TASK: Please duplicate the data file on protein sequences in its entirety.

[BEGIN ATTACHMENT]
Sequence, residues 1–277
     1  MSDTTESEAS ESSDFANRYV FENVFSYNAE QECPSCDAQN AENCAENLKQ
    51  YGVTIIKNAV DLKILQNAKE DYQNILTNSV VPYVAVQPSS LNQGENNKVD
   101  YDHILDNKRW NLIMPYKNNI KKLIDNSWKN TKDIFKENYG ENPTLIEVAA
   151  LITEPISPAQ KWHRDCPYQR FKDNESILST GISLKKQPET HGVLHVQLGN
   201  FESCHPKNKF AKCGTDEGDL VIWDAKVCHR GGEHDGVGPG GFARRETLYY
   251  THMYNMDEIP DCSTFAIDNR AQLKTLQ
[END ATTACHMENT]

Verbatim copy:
Sequence, residues 1–277
     1  MSDTTESEAS ESSDFANRYV FENVFSYNAE QECPSCDAQN AENCAENLKQ
    51  YGVTIIKNAV DLKILQNAKE DYQNILTNSV VPYVAVQPSS LNQGENNKVD
   101  YDHILDNKRW NLIMPYKNNI KKLIDNSWKN TKDIFKENYG ENPTLIEVAA
   151  LITEPISPAQ KWHRDCPYQR FKDNESILST GISLKKQPET HGVLHVQLGN
   201  FESCHPKNKF AKCGTDEGDL VIWDAKVCHR GGEHDGVGPG GFARRETLYY
   251  THMYNMDEIP DCSTFAIDNR AQLKTLQ